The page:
* McGuire was unlike anything he’d shown himself capable of in the minors, but if these two kept up these rates, he’d take over the main job;
The rest of these folks were pretty much exactly what we’d seen them be, albeit Alford got SO little chance to get on track.

If Shaw returns to anything like his old form, if LGJ hits like he did most of the year, if Vladdy takes another step up, this is a lineup to be even more respected, even if the bench is lacking offensive production. It’s fairly easy to see that offense as consistent with a roughly .500 team with clear potential for more. The pitching though? Buckle up, because here be complexity!

During our postulated “season” at the end of last year, Charlie Montoya resorted to the “opener” strategy with Wilmer Font and others repeatedly. Such a circumstance makes it basically impossible to do a direct one-to-one comparison to what would presumably happen this season. With the team having added three new starters, and also the return of Matt Shoemaker there’s every reason to assume that the opener will be a rarely used tactic during Weird Season. In order to try and parse out a comp, I decided to treat the pitcher who got the most innings in a game, typically the second guy on the mound, as the actual starter and the opener as just a displaced reliever. It also makes stat sorting easier.

First, though, let’s set a baseline of what we should expect.  Barring injury, the first five pitchers set for the rotation are Ryu, Shoemaker, Roark, Anderson, and Thornton. This is based on the fact that you don’t bring in a veteran and then not use him, and Thornton being highly successful down the stretch last year (and in the spring), something I’ll say more about in a minute. I am going to further assume that, again barring injury, the Jays will at least begin the year with a six-man rotation because you cannot NOT use Nate Pearson (the previous comments notwithstanding). At some point, it’s likely that injury or inefficiency may bring that back to five but such is unpredictable. So it’s those six, getting (on paper) 10 starts each which I will attempt to use for comparison.

In my 2019 sample, only two pitchers made as many as 10 starts – Thornton and Waguespack. Let me show you something about these two guys. In the chart that follows, I’m comparing their work over the last 60 games with the work of two of the new guys during the same period for their former teams.

Thornton 11 3.74 1.17 55.1 49 23 23 49
Ryu 10 3.77 1.17 59.2 60 25 10 51
Waguespack 12 3.97 1.29 59 51 26 25 43
Anderson 12 4.66 1.3 56 51 29 22 43

Pretty remarkable, eh? If you simply assumed guys kept doing what they did down the stretch, then Anderson is basically a one-to-one replacement for Waguespack (who one assumes is pushed into the long-man/spot-starter role in the bullpen) and Thornton is more than qualified to be included in the rotation (rather than be bumped by Pearson).

But the other 37 starts were pretty much a mess.

Buchholz 7 8.37 1.62 33.1 44 31 10 22
Godley 6 4.08 1.19 17.2 12 8 9 13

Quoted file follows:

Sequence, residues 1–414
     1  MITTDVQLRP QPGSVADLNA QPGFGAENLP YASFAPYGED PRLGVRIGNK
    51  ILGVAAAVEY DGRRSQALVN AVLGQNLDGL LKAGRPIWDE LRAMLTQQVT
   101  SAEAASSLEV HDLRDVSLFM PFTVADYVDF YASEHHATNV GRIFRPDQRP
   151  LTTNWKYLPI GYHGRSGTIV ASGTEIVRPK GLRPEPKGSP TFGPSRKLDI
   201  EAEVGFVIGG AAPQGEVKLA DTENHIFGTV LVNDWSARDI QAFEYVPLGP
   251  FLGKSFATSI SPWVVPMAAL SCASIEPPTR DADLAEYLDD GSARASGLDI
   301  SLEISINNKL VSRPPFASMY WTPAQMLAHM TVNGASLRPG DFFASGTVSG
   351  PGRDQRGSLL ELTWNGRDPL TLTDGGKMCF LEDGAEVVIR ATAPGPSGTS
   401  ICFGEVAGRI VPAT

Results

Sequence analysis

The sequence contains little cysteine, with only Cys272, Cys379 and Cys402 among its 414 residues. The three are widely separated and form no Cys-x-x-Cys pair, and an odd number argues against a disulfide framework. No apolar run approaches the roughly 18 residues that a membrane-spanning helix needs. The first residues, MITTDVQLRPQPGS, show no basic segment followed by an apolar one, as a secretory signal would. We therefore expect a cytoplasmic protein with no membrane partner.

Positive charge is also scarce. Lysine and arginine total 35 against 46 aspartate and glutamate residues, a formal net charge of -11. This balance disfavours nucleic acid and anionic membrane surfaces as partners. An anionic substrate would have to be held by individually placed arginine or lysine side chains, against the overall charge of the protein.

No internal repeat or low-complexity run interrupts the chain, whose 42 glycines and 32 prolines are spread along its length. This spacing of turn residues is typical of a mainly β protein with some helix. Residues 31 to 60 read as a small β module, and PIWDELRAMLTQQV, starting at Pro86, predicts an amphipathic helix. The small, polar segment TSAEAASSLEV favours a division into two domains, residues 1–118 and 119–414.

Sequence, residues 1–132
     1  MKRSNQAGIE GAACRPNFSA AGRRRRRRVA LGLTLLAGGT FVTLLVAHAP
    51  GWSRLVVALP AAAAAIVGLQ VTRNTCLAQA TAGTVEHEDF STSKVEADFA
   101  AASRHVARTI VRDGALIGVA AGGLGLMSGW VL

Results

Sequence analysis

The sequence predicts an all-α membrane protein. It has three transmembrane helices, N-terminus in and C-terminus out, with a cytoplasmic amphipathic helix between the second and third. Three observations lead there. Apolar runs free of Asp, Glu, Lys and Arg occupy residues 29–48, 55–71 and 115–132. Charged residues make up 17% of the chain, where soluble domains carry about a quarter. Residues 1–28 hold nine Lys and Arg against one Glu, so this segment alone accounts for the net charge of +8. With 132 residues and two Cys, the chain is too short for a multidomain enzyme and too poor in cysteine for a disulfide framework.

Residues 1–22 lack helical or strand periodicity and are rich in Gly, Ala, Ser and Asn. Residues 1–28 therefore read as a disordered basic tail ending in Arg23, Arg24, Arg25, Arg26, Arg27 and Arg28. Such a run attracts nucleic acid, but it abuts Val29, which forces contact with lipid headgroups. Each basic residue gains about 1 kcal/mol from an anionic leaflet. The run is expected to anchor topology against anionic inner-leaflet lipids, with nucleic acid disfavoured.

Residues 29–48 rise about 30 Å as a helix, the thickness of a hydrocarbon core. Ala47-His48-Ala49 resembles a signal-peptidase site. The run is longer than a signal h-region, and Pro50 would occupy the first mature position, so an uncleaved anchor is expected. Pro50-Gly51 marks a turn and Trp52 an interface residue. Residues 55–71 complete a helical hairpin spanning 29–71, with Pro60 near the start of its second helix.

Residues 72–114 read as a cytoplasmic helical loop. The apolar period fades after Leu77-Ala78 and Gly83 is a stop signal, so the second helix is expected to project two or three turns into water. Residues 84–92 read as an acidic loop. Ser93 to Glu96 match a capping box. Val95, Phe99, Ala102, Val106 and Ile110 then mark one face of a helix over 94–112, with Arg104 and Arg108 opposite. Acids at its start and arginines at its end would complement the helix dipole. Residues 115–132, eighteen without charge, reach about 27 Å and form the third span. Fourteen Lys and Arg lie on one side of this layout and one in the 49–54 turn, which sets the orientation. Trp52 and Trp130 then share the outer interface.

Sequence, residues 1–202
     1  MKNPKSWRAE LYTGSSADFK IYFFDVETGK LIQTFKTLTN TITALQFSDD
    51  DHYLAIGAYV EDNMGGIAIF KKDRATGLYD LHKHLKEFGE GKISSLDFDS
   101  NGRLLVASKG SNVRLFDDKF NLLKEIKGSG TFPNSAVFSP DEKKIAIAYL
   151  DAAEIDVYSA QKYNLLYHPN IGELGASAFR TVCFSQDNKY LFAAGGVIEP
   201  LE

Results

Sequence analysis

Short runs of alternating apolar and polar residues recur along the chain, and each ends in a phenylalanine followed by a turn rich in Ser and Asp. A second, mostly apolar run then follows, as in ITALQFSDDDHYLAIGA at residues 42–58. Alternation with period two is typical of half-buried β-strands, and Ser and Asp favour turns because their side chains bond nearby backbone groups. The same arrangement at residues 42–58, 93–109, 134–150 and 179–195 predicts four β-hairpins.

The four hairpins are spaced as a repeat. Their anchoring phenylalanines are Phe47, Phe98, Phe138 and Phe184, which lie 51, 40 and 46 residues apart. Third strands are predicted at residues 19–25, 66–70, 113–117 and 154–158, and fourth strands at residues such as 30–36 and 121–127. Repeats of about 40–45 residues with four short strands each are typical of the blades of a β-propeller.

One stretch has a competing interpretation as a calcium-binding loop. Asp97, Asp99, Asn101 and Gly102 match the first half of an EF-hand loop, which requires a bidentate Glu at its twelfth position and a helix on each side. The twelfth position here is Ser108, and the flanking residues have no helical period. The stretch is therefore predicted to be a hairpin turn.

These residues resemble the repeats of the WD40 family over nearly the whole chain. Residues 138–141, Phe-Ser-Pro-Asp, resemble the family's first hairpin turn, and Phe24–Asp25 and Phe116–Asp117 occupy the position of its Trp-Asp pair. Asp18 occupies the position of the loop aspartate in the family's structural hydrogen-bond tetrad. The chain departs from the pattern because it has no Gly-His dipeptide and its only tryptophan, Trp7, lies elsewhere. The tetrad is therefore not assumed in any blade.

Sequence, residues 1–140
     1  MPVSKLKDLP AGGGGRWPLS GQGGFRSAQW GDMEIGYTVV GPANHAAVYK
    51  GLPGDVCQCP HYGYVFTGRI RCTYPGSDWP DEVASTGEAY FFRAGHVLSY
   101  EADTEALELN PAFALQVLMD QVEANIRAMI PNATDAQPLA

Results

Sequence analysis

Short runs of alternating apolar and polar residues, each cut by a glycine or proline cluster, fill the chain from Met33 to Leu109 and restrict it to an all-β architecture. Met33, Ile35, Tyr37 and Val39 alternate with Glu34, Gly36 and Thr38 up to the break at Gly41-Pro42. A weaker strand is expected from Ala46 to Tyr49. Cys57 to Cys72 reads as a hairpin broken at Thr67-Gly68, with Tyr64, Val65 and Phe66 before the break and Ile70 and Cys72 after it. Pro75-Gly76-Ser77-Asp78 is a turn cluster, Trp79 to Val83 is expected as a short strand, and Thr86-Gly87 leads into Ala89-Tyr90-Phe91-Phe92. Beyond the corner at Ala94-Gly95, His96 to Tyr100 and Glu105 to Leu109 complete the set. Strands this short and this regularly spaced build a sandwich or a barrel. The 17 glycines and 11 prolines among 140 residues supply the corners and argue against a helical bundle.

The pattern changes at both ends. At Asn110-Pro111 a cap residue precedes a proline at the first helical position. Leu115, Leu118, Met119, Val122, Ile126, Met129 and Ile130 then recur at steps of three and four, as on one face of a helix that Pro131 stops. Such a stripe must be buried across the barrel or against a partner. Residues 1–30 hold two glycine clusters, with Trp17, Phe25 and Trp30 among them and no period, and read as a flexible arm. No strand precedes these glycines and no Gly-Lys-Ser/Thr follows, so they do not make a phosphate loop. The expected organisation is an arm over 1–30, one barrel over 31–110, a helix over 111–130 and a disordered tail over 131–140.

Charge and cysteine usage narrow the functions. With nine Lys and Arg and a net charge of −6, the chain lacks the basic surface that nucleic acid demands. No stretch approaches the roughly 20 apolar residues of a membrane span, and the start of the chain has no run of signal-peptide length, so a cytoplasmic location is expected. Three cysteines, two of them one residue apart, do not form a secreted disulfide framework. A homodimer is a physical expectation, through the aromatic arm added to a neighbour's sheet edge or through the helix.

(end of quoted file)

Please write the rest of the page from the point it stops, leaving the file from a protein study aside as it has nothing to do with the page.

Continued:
SRF* 5 4.74 1.96 19 22 10 15 16
Zuech* 5 4.76 1.46 22.2 22 12 11 20
Pannone 4 9.39 1.3 15.1 18 16 2 14
Kay 3 5.79 1.43 14 15 9 5 13
Stewart 3 3.14 1.12 14.1 13 5 3 10
Sanchez 2 4.22 1.03 10.2 11 5 0 16
Stroman 1 1.23 0.86 7 5 1 1 6
Borucki 1 27 5 2 8 6 2 3

Collectively that’s 156 IP, for a 5.94 ERA. Five of these ten guys are out of the organization, Pannone and possibly Reid-Foley are likely pushed into relief roles simply because the depth makes it possible. Borucki has to re-establish his health and the other two are depth at best right now. Other than Borucki I wouldn’t presume any of them get major league starts unless injuries are savage. Remember, the team went basically .500 with 62% of their “starts” accumulating this result.

So as a matter of comparison, we’re taking that collective of 37 starts and giving them instead to Ryu, Shoemaker, Roark (who posted a 4.58 ERA during the stretch run last year), and Pearson. It doesn’t take wild flights of fantasy to imagine that you’ll get much better results than that, and all other things held equal, win more games.

Turning to the bullpen we find more complications in terms of drawing direct comparisons. Here are the four returning players that one should assume would be involved in the bullpen (Pannone’s figures are only his relief innings during the sample “season”).

Giles 20 2.25 0.85 20 11 5 7 26
Font* 22 3.62 1.15 37.1 32 15 11 49
Gaviglio 18 4.3 1.06 29.1 22 14 9 27
Pannone 8 1.93 1.29 14 11 3 7 12

That’s a reasonable foundation. Add to this at least three additions to the roster for whom I cannot really collect a comparable set of stats, but which we are to assume will be upgrades – Yamaguchi, Dolis, and Bass – along with Waguespack and you have a presumably solid core of eight pitchers (no doubt supplemented by up and down movement from guys on the taxi squad). So what are we to compare these too? Here’s the rest of the sample season bullpen beyond the four listed above:

Boshers 28 4.05 1.5 20 20 9 10 26
Law 27 2.96 1.57 27.1 22 9 21 25
Mayza 23 5.87 1.57 15.1 15 10 9 13
Adam 23 2.91 1.15 21.2 15 7 10 18
Schafer 22 4.56 1.65 23.2 26 12 13 23
Tepera 11 3.38 0.94 10.2 8 4 2 5
Ramirez 6 5.4 1.68 8.1 8 5 6 6
Biagini 5 4.5 1.67 6 7 3 2 6
Hudson 5 5.4 1.2 5 4 3 2 6
Luciano 5 0 0.67 6 3 0 1 5
Phelps 2 16.2 1.81 1.2 3 3 0 2
Kingham 1 0 1 3 2 0 1 2
Dull 1 12.79 0.75 1.1 1 1 0 3
Diaz 1 27 7.58 0.2 1 2 4 0
Urena 1 36 5 1 4 4 1 0

Collectively, the ERA of this group was 4.34 with a 1.48 WHIP over 149.1 IP. Laying aside Ryan Dull’s minor league contract, and Tim Mayza’s season ending injury, only two of these guys remain as options to appear for the team this year.  I don’t really have any simple methodology for comparing this group to the incoming guys, all the more so because relievers are by nature highly volatile year to year. But if we take as a baseline assumption that the new guys will not be WORSE collectively than this group was, which seems safe, then the bullpen will at a minimum not be a drag on the improvements made elsewhere.


Conclusions? Well, with caveats again restated – that you cannot just copy and past performance from one year to the next and this is only serving as a rough baseline guide to guesswork – there’s considerable reason for optimism and with the right breaks, it’s not hard to see at least a fringe playoff contender here. A 29-31 record against comparable competition with THAT patchwork rotation is a quite solid floor. If we assume that in a normal season you need to win 90 to be a serious playoff contender, that’s a winning percentage of .556, and that figure applied to 60 games is 33.33 wins. Can you take our 29-31 team, add Ryu, Shoemaker, Roark, Anderson, and Pearson in place of a slapdash motley crew of starters and add four or more wins?

Why the hell not?

This season makes me nervous as anything in every area except actual talent – but if I tune all that out and just say “how many games can they win?” then yeah, I’m excited.